September is Attendance Awareness Month and it may seem obvious, but success in school starts with students actually being in the classroom. School attendance is a baseline factor in student success and throughout the school district, teachers and administrators work each year to find the right lesson plan to keep students engaged and in class each day.
Building a habit of good attendance at an early age sets the foundation for their educational success. Consistently attending school helps children feel better about their school experience and themselves. Plus, arriving on time every day builds lifelong skills that help children do well in high school, college and at work.
It’s never too early to talk with your child about the importance of showing up to school every day, on time, ready to learn. As your child grows, the family continues to play a key role in ensuring students make attendance a priority. Helping to create and maintain daily routines like homework, chores and bedtime helps support your child’s success. Encourage meaningful after-school activities and know your school’s attendance policy. All of these things help your child be successful in the classroom and prepared for success after graduation.
How to Help Your Student:
- Set a regular bedtime and morning routine
- Lay out clothes and pack backpacks the night before
- Find out the first day of school and any requirements including documents and shot records that may be needed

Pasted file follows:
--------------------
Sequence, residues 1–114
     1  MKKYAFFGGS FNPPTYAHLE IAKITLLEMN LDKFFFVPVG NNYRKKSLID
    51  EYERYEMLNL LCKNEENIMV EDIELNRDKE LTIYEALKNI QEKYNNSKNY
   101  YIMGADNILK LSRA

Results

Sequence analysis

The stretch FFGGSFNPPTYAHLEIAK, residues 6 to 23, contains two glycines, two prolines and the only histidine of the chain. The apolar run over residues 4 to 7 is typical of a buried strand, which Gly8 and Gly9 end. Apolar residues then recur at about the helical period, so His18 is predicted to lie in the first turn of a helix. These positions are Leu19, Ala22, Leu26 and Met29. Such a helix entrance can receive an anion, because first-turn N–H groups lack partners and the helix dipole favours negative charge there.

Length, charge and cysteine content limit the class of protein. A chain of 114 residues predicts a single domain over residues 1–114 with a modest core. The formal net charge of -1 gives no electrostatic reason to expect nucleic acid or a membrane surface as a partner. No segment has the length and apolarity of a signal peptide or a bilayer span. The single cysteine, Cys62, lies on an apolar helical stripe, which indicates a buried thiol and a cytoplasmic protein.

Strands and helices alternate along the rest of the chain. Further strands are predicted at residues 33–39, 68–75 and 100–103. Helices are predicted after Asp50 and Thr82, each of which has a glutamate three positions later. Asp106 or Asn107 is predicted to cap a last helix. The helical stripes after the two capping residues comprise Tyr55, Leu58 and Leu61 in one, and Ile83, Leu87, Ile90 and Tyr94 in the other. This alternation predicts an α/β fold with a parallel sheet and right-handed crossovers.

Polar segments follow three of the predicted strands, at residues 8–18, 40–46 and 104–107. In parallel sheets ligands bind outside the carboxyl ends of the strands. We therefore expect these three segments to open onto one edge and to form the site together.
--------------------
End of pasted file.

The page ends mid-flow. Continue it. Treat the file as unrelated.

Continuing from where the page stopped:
- Visit the school and teacher before the first day if possible
- Don’t let your child stay home unless he/she is truly sick
- If your child seems anxious about going to school, talk to teachers, school counselors or the principal to help him/her feel comfortable and excited about school
- Develop a backup plan for getting to school
- Avoid medical appointments and extended trips when school is in session
- Stay on top of academic progress and your child’s attendance
- Update contact information so teachers can contact you whenever needed
Facts About School Attendance
- Absenteeism in the first month of school can predict poor attendance throughout the school year. Half the students who miss 2-4 days the first month go on to miss nearly a month of school total.
- Over 1 in 7 U.S. students miss nearly a month of school each year.
- Absenteeism can affect young students; 1 in 10 kindergarten and first-grade students are chronically absent.
- Poor attendance can influence whether children read proficiently by the end of third grade.
- By sixth grade, chronic absence becomes a leading indicator that a student will drop out of high school.
- Research shows missing 10 percent of school, or about 18 days, negatively affects a student’s academic performance. That’s just two days a month.
- When students improve their attendance rates, they improve their academic prospects and chances for graduating.
To learn more about Attendance Awareness Month, visit the Attendance Works website.